The following letter was sent recently to the Sound Transit Board.
Dear Sound Transit Board:
At the Sept. 13, 2005 Board Meeting of the First Hill Improvement Association, Mr. Don Billen presented an outline of the Goals and Objectives for the study of First Hill Transit Alternatives. We were told the study has five objectives and criteria:
* Improve the Quality of Transit Service.
* Increase Transit Ridership.
* Provide a Financially Feasible Solution.
* Preserve Environmental Quality.
* Develop Alternatives that can be deployed by (the time of) University Link Opening.
The study will compare alternative solutions such as:
* Giving higher priority to bus lines along Madison, Broadway, Boren and James.
* Increasing the frequency and hours of service on routes nos. 60, 9, 2 and 12.
* New connections/modes.
* Other ideas, including sidewalk improvements and extension of the ride free zone.
During and after the presentation, a certain amount of community skepticism emerged, focused on four main areas, which we would like to share with you.
Up until July of this year, the First Hill Station was an integral part of the Sound Transit North Link light rail. In August, the Sound Transit Board made a difficult decision to drop the plans for a First Hill station.
The reasons given were schedule risk associated with uncertain geological conditions to be overcome while building the station, and the new formula for ranking projects that are competing for federal funding. Dropping the First Hill station brought the cost of the North Link project into an acceptable range to compete for funding.
In a letter we wrote to you on Aug. 10, 2005, we emphasized that the ridership associated with First Hill in the year 2030 still must be served. It recommended that some of the $300 million expense that was avoided by eliminating our station should be applied toward building a "3.2 mile light rail line connecting the Rainier at McClellan and the Capitol Hill stations via First Hill.
The line could be surface, cut and cover, elevated or some combination of the three." The Study of First Hill Transit Alternatives has an objective of staying within the "ability to fund capital and operating costs from existing or potential future revenue available to the city, county or Sound Transit."
We note that federal and state funding is NOT under consideration. In this era of diminishing revenues, we are skeptical that some combination of city, county and Sound Transit revenues will be able to generate the magnitude of funding required for a light rail line that operates above or below street level.
Surface level solutions will compete with other demands for space, such as customer parking, sidewalks, delivery/loading zones and turn lanes. The First Hill arterial routes are VERY congested. Gridlock of vehicular traffic during rush hours already exists in 2005. By 2030, the increased population of residents and employees on First Hill will further compound this situation. We are skeptical that additional buses, streetcars or even surface light rail will "preserve environmental quality".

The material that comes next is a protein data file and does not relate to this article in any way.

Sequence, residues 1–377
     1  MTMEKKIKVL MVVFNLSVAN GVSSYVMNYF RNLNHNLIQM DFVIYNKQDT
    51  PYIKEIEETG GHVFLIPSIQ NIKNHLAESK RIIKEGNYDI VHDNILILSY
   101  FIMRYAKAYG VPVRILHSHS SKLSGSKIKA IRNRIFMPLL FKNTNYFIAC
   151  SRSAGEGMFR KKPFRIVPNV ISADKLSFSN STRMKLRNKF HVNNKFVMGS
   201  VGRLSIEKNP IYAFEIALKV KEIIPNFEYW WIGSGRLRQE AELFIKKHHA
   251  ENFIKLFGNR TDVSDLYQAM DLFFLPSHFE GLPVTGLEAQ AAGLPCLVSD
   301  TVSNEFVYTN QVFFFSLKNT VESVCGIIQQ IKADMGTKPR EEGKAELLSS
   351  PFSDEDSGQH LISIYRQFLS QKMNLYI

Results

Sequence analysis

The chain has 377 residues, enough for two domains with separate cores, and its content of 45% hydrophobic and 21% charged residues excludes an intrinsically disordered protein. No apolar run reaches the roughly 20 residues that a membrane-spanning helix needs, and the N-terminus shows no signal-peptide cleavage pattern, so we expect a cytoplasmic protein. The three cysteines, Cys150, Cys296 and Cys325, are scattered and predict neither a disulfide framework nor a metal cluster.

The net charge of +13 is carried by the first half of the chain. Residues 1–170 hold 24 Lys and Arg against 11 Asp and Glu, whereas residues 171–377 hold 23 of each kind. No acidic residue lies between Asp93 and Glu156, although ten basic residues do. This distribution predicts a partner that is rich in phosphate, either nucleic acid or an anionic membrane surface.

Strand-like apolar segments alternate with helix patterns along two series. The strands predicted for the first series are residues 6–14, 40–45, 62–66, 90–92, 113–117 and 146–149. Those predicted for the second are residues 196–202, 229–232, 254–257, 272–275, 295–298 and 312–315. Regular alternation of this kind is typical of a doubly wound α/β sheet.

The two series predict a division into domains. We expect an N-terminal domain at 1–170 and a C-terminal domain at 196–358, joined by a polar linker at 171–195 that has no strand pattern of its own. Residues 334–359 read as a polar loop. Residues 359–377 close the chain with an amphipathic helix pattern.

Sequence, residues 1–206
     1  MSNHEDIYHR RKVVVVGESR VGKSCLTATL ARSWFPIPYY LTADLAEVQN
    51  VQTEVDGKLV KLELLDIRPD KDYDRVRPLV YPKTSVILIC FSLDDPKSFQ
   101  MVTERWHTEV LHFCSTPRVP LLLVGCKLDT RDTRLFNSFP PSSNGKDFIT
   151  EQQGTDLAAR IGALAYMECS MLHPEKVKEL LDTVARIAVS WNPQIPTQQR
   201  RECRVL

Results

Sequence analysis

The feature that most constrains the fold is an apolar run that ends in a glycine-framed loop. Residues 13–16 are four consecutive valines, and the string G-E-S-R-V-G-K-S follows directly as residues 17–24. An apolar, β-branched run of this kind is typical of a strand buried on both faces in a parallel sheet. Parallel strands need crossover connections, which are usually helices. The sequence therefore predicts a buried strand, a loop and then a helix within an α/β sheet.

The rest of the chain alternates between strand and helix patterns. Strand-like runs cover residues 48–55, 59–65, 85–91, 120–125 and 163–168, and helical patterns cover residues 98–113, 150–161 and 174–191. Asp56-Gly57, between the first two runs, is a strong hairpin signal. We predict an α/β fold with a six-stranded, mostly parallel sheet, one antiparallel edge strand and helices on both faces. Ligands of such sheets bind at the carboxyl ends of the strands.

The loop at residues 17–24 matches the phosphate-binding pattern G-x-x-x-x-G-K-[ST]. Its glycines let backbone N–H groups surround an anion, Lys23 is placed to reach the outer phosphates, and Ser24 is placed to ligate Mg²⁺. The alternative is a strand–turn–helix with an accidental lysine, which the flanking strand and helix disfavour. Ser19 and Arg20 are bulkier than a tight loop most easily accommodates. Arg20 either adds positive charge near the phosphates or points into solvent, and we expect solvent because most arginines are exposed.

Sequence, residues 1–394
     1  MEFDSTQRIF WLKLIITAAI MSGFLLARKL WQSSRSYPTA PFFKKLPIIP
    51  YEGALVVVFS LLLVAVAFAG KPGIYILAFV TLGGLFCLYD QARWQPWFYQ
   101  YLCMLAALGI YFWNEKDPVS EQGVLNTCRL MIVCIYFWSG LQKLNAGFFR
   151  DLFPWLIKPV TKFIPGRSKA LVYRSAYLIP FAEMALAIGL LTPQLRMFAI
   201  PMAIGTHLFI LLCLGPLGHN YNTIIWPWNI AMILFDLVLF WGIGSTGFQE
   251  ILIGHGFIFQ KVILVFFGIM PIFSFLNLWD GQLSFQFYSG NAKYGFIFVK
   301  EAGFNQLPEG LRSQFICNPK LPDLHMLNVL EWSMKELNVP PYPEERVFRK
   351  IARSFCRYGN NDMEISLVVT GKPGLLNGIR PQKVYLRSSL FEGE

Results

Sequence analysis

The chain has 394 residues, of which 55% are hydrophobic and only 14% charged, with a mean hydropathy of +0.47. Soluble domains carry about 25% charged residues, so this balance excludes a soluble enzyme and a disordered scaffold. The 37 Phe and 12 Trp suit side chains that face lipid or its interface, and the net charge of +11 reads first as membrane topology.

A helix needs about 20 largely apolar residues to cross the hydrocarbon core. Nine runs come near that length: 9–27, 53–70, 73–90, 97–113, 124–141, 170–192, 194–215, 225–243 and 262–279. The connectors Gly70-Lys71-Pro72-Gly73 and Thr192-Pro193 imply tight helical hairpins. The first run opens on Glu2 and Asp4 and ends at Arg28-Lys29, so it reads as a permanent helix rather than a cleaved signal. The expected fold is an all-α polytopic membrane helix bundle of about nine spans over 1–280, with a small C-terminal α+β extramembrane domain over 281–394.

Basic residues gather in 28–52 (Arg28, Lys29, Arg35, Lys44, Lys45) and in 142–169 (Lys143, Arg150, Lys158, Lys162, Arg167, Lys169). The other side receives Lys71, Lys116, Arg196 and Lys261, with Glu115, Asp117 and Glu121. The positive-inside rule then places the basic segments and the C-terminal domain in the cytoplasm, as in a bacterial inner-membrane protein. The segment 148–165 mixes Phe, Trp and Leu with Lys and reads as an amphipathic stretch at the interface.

We think that previous Sound Transit studies of the North Link focused on people such as residents, employees and bus riders who would eventually become train riders who entered/exited from the First Hill station. Because the train operated below ground, there was no need to gather data on surface vehicle traffic. Any recommendation of additional surface alternatives such as buses, trolleys or surface light rail must include an Environmental Impact Study (EIS).
Any recent EISs that were required for development projects in First Hill / West Slope area should contain traffic studies with data on delays at peak hours at key intersections. Additionally, we believe a current study of the origin and destination of drivers along Boren Avenue and Madison Street would enhance the evaluation of any proposed alternatives to the station.
Today, pedestrians walk on narrow, obstructed sidewalks throughout many parts of First Hill. There is little, if any, right-of-way to expand or improve the sidewalks in many locations. Our precious trees frequently shade the ground level from elevated streetlights, causing residents to avoid walking after dark. Some are skeptical that sidewalk improvements will have a significant impact on improving transportation.
The issue was raised that it appears that the people who will prepare this study do not live or work on First Hill. They lack first hand experience as passengers on the currently overcrowded, slow bus routes, or sitting in our gridlocked traffic. We are disappointed that the First Hill Community will not be represented in the Sound Transit/City of Seattle/King County Metro working sessions.
It is our understanding that the study will narrow the list of First Hill alternatives, and make some recommendations to the Sound Transit Board in late November. We have tentatively scheduled Mr. Billen from Sound Transit to make a progress report to our board at our Dec. 13 meeting.
The neighborhoods in the East District Council (Capitol Hill, Madison Park, Miller Park, Pike/Pine and Yesler Terrace) have expressed solidarity with First Hill's efforts to advocate for rapid transit alternatives in the wake of the elimination of the First Hill station. They have all expressed a willingness to endorse our proposed solution, which includes a light rail connection to and/or through First Hill.
Thank you for reviewing our concerns, and we look forward to working with you on creating a successful transit solution for the First Hill neighborhood.
Michael J. Gray, President
First Hill Improvement Association